UNM Pain Center: Addressing New Mexico s Public Health Crises of Pain, Addiction, and Unintentional Opioid Overdose Deaths UNM Pain Center: Addressing New Mexico s Public Health Crises of Pain, Addiction, and Unintentional Opioid Overdose Deaths Joanna G Katzman, M.D., M.S.P.H Director, UNM Pain Center Associate Professor,

More information

A Review of the Impacts of Opiate Use in Ontario: Summary Report

A Review of the Impacts of Opiate Use in Ontario: Summary Report A Review of the Impacts of Opiate Use in Ontario: Summary Report A Provincial Summary Report of the Impacts of the Discontinuation of Oxycontin in Ontario: January to August 2013 December 2013 This report

More information

Trends of Opioid Misuse and Diversion: Lessons from the United States

Trends of Opioid Misuse and Diversion: Lessons from the United States Trends of Opioid Misuse and Diversion: Lessons from the United States 31 October 2012 Richard C. Dart, MD, PhD Director Rocky Mountain Poison and Drug Center Professor - University of Colorado, Department

More information

Neonatal Abstinence Syndrome

Neonatal Abstinence Syndrome Neonatal Abstinence Syndrome Effective Prevention Strategies Division of Prevention and Health Promotion Injury Prevention Program Objectives Characterize PDA as a public health problem Detail the impact

More information

This is the written version of our Hot Topic video presentation available at: MayoMedicalLaboratories.com/hot-topics

This is the written version of our Hot Topic video presentation available at: MayoMedicalLaboratories.com/hot-topics This is the written version of our Hot Topic video presentation available at: MayoMedicalLaboratories.com/hot-topics Welcome to Mayo Medical Laboratories Hot Topics. These presentations provide short discussion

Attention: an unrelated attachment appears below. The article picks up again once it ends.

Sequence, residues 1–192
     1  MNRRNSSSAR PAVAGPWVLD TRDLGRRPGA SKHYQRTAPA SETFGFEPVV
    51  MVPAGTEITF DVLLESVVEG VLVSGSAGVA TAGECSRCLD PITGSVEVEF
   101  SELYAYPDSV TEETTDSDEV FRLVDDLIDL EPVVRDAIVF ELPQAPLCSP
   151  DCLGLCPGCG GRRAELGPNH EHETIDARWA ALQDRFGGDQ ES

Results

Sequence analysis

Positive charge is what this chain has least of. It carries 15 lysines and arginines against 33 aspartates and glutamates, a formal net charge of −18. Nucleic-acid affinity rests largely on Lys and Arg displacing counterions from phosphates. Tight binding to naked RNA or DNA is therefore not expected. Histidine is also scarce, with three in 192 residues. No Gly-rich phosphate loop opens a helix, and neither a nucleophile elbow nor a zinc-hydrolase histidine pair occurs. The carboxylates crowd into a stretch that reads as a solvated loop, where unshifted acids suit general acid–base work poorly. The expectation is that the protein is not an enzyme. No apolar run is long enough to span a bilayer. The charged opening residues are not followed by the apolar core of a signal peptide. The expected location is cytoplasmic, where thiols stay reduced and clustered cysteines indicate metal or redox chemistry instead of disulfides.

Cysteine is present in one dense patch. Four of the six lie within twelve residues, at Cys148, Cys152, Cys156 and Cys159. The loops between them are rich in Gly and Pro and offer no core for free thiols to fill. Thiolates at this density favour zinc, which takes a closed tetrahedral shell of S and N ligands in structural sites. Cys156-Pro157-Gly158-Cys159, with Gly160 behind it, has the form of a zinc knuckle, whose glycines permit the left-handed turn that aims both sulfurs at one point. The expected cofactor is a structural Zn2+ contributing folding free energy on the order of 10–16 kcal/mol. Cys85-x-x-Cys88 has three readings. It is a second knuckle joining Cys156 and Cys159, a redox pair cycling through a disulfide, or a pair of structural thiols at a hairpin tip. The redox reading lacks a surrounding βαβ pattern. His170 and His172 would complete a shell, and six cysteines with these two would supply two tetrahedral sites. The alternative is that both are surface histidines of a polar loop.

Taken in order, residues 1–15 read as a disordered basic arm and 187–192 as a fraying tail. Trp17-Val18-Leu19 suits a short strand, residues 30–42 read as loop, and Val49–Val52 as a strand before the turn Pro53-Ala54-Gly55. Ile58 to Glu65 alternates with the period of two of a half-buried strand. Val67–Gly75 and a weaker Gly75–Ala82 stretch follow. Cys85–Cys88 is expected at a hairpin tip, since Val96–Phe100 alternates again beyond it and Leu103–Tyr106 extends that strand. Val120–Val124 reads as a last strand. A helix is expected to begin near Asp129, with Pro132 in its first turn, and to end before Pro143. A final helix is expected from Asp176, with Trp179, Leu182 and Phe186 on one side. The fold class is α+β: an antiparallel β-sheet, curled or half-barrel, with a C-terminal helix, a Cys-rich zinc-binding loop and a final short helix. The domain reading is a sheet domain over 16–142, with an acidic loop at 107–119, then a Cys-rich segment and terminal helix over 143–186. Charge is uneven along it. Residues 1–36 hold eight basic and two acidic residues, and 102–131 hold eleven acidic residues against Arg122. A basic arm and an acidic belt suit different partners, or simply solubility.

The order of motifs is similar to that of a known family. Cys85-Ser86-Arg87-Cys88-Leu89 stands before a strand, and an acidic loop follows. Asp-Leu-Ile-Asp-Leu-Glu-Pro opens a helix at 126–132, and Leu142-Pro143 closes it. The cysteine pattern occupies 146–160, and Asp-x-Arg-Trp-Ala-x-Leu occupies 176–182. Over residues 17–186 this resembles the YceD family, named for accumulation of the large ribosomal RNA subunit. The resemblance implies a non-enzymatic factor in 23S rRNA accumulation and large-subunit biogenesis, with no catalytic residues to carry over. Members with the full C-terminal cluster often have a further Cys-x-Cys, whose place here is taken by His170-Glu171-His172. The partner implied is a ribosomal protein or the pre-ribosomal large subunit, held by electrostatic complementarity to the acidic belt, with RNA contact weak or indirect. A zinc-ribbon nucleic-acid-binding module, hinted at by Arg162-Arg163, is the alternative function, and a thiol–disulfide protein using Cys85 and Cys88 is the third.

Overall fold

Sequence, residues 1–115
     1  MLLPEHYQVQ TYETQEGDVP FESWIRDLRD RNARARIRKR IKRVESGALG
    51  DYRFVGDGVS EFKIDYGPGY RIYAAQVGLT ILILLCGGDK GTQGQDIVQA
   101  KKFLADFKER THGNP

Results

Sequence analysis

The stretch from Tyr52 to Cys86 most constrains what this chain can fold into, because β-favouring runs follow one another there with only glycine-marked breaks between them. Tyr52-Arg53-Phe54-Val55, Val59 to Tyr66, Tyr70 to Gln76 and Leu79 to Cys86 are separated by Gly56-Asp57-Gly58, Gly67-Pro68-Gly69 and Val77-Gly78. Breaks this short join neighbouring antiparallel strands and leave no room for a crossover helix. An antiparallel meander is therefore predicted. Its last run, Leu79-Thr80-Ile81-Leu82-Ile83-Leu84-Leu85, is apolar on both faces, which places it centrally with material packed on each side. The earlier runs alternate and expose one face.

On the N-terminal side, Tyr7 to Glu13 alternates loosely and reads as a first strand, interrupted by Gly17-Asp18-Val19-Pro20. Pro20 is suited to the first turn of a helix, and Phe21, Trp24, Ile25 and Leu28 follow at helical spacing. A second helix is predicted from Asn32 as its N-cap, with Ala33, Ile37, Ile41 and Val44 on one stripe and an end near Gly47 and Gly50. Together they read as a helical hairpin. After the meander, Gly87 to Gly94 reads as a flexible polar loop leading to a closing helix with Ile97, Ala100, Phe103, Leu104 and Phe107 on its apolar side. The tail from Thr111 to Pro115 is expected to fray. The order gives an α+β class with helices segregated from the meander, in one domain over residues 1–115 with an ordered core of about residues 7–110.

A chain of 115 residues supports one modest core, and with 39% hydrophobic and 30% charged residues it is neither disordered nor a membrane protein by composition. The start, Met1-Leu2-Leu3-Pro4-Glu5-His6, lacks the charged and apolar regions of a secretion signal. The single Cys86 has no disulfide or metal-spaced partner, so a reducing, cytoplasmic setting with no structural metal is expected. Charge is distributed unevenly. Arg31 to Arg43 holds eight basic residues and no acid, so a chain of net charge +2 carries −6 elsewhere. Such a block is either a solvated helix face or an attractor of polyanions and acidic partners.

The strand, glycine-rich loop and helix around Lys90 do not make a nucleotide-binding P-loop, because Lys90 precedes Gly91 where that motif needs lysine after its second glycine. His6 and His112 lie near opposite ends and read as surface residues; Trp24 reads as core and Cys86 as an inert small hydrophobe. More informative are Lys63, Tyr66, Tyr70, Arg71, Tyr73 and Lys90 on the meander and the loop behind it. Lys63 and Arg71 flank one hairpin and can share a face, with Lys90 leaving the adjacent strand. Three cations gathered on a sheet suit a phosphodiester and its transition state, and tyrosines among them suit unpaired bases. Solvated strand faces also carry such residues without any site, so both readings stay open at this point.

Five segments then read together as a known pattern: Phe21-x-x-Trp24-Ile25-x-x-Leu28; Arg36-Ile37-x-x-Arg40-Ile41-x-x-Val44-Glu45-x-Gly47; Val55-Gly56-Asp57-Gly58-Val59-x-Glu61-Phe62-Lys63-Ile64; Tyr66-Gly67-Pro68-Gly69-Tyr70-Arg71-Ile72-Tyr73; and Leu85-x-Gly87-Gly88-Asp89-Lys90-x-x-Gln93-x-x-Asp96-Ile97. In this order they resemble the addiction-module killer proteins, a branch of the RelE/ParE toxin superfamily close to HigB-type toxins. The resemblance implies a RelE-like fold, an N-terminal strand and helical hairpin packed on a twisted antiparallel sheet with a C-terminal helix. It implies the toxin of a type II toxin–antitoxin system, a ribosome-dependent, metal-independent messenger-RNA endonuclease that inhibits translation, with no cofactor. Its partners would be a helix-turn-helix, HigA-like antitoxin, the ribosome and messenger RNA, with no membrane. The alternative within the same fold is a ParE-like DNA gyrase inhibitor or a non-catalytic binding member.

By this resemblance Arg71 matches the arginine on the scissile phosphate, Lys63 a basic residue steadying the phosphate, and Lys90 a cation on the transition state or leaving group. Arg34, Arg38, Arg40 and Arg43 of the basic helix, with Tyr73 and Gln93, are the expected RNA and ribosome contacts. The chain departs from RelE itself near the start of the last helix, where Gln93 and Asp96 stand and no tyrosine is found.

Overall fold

More information

Patterns of Heroin and Other Substance Use in Youth and Young Adults in Suburban Cook County

Patterns of Heroin and Other Substance Use in Youth and Young Adults in Suburban Cook County Patterns of Heroin and Other Substance Use in Youth and Young Adults in Suburban Cook County 2014 School Nurse Conference Steven M. Seweryn, EdD, MPH April 24, 2014 Learning Objectives To become familiar

More information

Opioid/Opiate Dependent Pregnant Women

Opioid/Opiate Dependent Pregnant Women Opioid/Opiate Dependent Pregnant Women The epidemic, safety, stigma, and how to help. Presented by Lisa Ramirez MA,LCDC & Kerby Stewart MD The prescription painkiller epidemic is killing more women than

More information

Drugged Driving. What is Drugged Driving? How Many People Take Drugs and Drive?

Drugged Driving. What is Drugged Driving? How Many People Take Drugs and Drive? Drugged Driving What is Drugged Driving? "Have one [drink] for the road" was, until recently, a commonly used phrase in American culture. It has only been within the past 20 years that as a Nation, we

More information

Toxicology CPT Code Changes for 2016

Toxicology CPT Code Changes for 2016 Beginning January 1, 2016, CMS deleted all 2015 drug testing G codes and will continue to not recognize the AMA CPT codes for drug testing. CMS created three G codes for presumptive testing and four G

More information

Massachusetts Substance Abuse Policy and Practices. Senator Jennifer L. Flanagan Massachusetts Worcester and Middlesex District

Massachusetts Substance Abuse Policy and Practices. Senator Jennifer L. Flanagan Massachusetts Worcester and Middlesex District Massachusetts Substance Abuse Policy and Practices Senator Jennifer L. Flanagan Massachusetts Worcester and Middlesex District November 2014 Substance Abuse and Addiction National and State opioid abuse

More information

Testimony of. Daliah Heller, PhD, MPH Assistant Commissioner Bureau of Alcohol and Drug Use Prevention, Care and Treatment